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Tax ‘toxic’ sugar, doctors urge

“I don’t think we can bring the whole question about obesity down to a simple substance like people eating too much sugar,” Sharma said in an interview from Lethbridge, Alta.

Weight stigma can itself increase weight gain: study

Dr. Arya Sharma, scientific director of the Canadian Obesity Network, says it’s clear Western culture needs to stop stigmatizing weight gain and start understanding what causes it. “If we don’t stop looking at obesity as a character flaw instead of a complex health condition, then we won’t be addressing the underlying issues. Shaming, blaming and taxing aren’t constructive or positive strategies.”

Fat, obese and other dirty words for weight problems

“What I always tell people is ‘obesity is not a four-letter word,’” said Dr. Sharma, who is also professor of medicine and chairman in obesity research and management at the University of Alberta. “They don’t look at it as a medical definition, which of course it is [since it’s a] BMI-based definition. They look at it as a stereotype. And because of the negative imagery that is very commonly used when talking about obesity … when you see those images [of morbidly obese people] you think ‘that’s not me.’”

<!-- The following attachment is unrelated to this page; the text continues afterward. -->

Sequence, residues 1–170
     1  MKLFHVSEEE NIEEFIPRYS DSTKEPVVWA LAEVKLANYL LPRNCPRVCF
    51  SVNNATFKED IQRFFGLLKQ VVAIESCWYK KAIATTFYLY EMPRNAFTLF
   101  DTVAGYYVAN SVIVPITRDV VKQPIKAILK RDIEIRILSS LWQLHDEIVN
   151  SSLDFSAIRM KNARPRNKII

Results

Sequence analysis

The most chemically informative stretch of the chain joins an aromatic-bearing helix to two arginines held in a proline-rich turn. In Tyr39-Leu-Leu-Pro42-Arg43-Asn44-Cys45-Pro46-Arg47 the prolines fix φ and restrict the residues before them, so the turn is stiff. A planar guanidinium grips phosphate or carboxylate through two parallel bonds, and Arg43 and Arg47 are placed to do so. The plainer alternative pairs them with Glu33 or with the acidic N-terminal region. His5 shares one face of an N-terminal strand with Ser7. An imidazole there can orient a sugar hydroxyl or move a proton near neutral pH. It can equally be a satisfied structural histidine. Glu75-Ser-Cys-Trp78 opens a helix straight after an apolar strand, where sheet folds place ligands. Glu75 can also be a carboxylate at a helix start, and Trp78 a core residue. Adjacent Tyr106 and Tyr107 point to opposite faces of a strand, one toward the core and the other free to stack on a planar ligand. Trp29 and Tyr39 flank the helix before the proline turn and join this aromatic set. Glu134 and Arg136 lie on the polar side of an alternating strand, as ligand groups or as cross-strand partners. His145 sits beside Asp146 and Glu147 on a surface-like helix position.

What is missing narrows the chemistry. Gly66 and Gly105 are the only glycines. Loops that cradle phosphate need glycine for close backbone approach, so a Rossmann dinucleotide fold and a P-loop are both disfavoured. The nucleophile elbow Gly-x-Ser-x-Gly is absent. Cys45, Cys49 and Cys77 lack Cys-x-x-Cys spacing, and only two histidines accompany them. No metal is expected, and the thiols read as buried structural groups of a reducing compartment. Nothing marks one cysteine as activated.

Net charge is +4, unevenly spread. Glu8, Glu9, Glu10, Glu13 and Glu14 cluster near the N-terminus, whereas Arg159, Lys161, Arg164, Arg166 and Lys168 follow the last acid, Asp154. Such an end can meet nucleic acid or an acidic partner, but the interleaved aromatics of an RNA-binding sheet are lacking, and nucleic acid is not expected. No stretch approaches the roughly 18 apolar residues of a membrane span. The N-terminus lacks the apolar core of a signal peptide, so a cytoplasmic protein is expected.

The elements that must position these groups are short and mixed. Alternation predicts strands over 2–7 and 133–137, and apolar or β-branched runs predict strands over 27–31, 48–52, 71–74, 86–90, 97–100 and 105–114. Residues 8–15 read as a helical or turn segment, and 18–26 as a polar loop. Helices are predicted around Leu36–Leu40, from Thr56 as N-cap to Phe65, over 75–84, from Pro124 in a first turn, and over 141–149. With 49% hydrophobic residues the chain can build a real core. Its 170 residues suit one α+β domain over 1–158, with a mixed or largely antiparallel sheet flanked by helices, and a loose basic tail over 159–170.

‘Obesity’ a dirty word when discussing body weight: study

The findings come as Canada’s leading obesity organization – the Canadian Obesity Network – prepares to release recommendations to doctors on managing obesity that will advise doctors seek permission before even raising the issue of excess weight or offering any advice, and that any such discussion be done in private, said Dr. Arya Sharma, the network’s scientific director.

Exercise is about a lot more than burning calories

James S. Fell: “Dr. Arya Sharma taught me about how exercise can improve “ingestive behaviour,” meaning it positively changes eating behaviours to achieve weight loss — I knew this one too, but never pushed it that much.

Overweight people no more likely to develop health issues, die early: study

Arya Sharma, chair in obesity research and management at the University of Alberta, said studies such as the Manitoba one highlight that there is no such thing as “ideal weight.” Some people who carry a few extra pounds can be completely healthy while others can develop health problems, he said.